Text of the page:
August 4, 2004

Epidemiologic Evidence Is Insufficient To Prove There Is No Link Between The MMR Vaccine And Autism

By Clifford G. Miller

This is an important point concerning the inappropriate use of epidemiologic 'evidence' cited to support the 'No Vaccine Causal Link To Autism' proposition. 

The source of the following is the main US judicial work of reference on scientific evidence which is also used as a training manual for US judges.

Just so that this is clear to all, the US Federal Judicial Centre Reference Manual on Scientific Evidence, Second Edition, makes abundantly clear that epidemiology is not acceptable to prove there is no causal link between an adverse event and a pharmaceutical .  I quote from the Epidemiology Chapter, page 381 (emphasis added)

"Epidemiology is concerned with the incidence of disease in populations and does not address the question of the cause of an individualís disease. This question, sometimes referred to as specific causation, is beyond the domain of the science of epidemiology. Epidemiology has its limits at the point where an inference is made that the relationship between an agent and a disease is causal (general causation) and where the magnitude of excess risk attributed to the agent has been determined; that is, epidemiology addresses whether an agent can cause a disease , not whether an agent did cause a specific plaintiff ís disease ."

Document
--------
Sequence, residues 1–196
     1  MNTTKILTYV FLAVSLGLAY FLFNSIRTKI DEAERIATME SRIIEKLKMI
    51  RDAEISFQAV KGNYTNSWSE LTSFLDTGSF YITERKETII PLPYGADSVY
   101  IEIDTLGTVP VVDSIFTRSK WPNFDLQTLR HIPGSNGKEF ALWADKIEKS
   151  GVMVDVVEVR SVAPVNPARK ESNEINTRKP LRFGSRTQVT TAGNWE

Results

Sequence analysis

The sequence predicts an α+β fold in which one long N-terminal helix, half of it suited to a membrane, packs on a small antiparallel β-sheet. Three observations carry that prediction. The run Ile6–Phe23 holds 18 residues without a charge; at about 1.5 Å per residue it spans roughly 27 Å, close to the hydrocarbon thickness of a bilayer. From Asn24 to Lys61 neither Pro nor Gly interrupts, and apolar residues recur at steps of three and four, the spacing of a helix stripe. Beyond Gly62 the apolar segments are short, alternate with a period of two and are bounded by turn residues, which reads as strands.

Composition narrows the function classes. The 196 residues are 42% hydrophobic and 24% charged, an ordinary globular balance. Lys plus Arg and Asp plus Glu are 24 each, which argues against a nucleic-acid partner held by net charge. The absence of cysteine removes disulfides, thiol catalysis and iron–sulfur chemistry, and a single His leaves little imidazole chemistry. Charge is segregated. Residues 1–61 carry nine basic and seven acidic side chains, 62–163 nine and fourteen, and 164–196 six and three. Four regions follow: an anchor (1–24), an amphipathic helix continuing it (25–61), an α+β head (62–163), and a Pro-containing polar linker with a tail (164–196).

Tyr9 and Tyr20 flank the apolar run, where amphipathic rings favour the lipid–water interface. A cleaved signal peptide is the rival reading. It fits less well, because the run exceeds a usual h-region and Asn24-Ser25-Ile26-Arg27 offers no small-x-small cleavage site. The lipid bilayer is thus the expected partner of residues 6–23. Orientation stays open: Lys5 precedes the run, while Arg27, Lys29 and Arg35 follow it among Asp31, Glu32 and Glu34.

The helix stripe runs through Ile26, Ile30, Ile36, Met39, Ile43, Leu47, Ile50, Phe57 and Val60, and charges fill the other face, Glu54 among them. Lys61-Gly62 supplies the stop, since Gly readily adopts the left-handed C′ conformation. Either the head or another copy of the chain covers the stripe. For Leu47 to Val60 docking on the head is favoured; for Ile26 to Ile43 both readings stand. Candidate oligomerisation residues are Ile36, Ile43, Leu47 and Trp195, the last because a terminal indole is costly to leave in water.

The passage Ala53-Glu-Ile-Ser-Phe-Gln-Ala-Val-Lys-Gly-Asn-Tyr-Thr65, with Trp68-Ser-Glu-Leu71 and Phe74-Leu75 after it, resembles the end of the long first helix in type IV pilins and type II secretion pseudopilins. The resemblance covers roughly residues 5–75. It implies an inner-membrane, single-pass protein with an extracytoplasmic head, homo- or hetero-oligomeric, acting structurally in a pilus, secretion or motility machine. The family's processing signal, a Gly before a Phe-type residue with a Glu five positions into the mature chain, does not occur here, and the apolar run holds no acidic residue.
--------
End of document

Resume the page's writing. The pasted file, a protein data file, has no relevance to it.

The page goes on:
Please note this is stated by reference to the injured Plaintiff seeking to prove the cause was the drug company's product.  Epidemiology papers appear to be relied on heavily as the science for the proposition that, 'there is no link between MMR and autism'.  The Reference Manual on Scientific Evidence specifically rules out epidemiology as proof of specific causation, stating that it can only go to prove that an agent could have caused but not that, in any particular case, it did cause. Hence, the oft repeated citing of epidemiology as proof of the opposite , that there is no causal link, is more than a little incongruous and a somewhat bizarre scientific base on which to put any nation's policy on immunisation of children . The logical implication seems to be that epidemiology can never be used to prove that a particular agent did not cause a particular adverse event.  All that epidemiology could possibly be considered to prove is that the likelihood the adverse event was caused by a particular agent is small, and not that there is no likelihood

An electronic version of the Reference Manual can be downloaded from the Federal Judicial Centerís website.

Editorial note: The author is an English lawyer, admitted to practice English law in England and Wales. This editorial is meant to provoke discussion and anyone in the U.S. who wishes personal advice on this issue should seek the independent views of a qualified U.S. attorney.

The author is also a graduate physicist of The Imperial College of Science Technology & Medicine (London University) and sometime lecturer on law (notably  evidence) standards and ethics at The Imperial College.